Sergiev Posad is a monastary and seminary for the Russian Orthodox Church. It is also one of three (I think) "Lavra"s in Russia - some sort of extra-holy place. It was called "Zagorsk" by the Communists, so some maps will show that name.
This was interesting. The previous day, I had walked around a few blocks near the hotel, and happened to walk past Sts. Cosmos and Damian without realizing more than the fact that it was a church. When the time came to go, I was going to simply walk up there, since it was a whole 5 minutes' walk from the hotel, and I didn't see how we could load the busses, drive straight there, and unload the busses much faster than that. Olga, our strictest guide (should I indicate the speculation about who actually paid her here?) "No, no, you will be late", so I got on the bus. Imagine my annoyance when the busses went straight down Tverskaya, *away* from the church, *towards* the Kremlin and drove all the way *around* the Kremlin and some other neighborhoods.
When we got there, it turned out that they were somewhere in the middle of their service, so we had to stand (there are no seats or pews in Russian Orthodox churches, or at least we never saw any for mere mortals). It turned out that we had to stand for at least half an hour while waiting for the service (over an hour - probably more like two) to finish anyway. Fortunately for me, Peter Mikuliak took pity on me and every now and then explained to me what was going on, as it was all in Russian, and I am not at all familiar with the Orthodox order of service even in English.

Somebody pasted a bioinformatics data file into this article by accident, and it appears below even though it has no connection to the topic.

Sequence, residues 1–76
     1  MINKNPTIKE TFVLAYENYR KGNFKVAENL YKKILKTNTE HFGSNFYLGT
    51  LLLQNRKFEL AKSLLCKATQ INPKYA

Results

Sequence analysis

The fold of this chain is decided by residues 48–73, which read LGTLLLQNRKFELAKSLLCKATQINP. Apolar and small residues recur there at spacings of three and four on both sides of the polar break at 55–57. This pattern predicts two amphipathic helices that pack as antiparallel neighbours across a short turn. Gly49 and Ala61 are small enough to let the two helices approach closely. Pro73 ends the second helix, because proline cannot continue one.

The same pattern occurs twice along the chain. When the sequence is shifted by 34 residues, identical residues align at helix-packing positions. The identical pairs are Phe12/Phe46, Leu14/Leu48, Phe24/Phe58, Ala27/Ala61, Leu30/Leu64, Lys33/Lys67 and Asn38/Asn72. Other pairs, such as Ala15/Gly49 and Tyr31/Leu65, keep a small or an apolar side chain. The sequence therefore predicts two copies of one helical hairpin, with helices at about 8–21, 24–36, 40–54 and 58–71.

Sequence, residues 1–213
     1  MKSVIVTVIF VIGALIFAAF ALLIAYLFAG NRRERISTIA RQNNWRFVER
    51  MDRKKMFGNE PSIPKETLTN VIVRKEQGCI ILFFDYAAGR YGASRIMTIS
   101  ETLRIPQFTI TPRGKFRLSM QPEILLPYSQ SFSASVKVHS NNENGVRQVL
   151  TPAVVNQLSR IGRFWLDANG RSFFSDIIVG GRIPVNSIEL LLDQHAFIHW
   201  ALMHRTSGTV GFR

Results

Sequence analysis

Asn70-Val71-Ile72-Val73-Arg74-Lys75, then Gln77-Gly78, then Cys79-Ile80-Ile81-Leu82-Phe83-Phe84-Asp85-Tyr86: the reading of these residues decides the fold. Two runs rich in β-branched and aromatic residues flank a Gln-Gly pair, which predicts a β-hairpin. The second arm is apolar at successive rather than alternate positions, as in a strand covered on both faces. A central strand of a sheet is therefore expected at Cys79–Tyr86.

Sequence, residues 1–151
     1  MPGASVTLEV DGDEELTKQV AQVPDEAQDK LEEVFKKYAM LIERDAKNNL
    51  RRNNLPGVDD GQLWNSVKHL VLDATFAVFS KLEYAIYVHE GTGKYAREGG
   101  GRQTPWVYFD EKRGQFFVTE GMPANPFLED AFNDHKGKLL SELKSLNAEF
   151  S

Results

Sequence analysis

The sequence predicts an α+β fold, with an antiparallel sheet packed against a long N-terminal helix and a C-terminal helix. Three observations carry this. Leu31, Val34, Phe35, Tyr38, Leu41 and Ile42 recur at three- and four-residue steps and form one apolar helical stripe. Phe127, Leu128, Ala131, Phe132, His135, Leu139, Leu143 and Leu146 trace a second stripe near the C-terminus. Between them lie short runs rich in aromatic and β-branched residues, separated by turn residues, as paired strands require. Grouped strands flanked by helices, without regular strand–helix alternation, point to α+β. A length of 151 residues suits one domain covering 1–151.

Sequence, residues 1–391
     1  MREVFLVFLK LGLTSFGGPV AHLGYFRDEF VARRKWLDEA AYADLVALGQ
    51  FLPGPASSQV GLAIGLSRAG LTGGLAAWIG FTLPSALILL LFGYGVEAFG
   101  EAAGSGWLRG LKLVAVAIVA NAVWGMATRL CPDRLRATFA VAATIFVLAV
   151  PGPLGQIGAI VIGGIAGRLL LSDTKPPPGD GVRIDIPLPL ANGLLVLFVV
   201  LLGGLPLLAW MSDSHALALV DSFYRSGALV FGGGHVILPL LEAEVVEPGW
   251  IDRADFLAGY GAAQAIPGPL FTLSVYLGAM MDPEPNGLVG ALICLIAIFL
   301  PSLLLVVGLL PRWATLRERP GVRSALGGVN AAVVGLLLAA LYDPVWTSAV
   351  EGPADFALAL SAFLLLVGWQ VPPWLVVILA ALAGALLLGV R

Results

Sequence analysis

One of Peter's comments to me was that it was a shame that we hadn't been properly prepared for the service, so we couldn't appreciate what was happening. He offered to explain it to me, and I took him up on his offer. I also got his permission to invite whoever wanted to come sit in on the discussion, so there were about 6 of us talking in the hotel atrium for about an hour - 10:30 to 11:30 PM or so. Peter is a wonderful speaker - he started out by explaining about the service in order, and didn't mind taking detours to whatever points about Orthodox theology seemed natural at the moment. Eventually, he'd realize that we had detoured too far from the service, and would pop back to the next item of interest in the service, and the process started again. It wouldn't have made a great lecture, but as a way to get the feel for his view of Orthodox theology, it was great.
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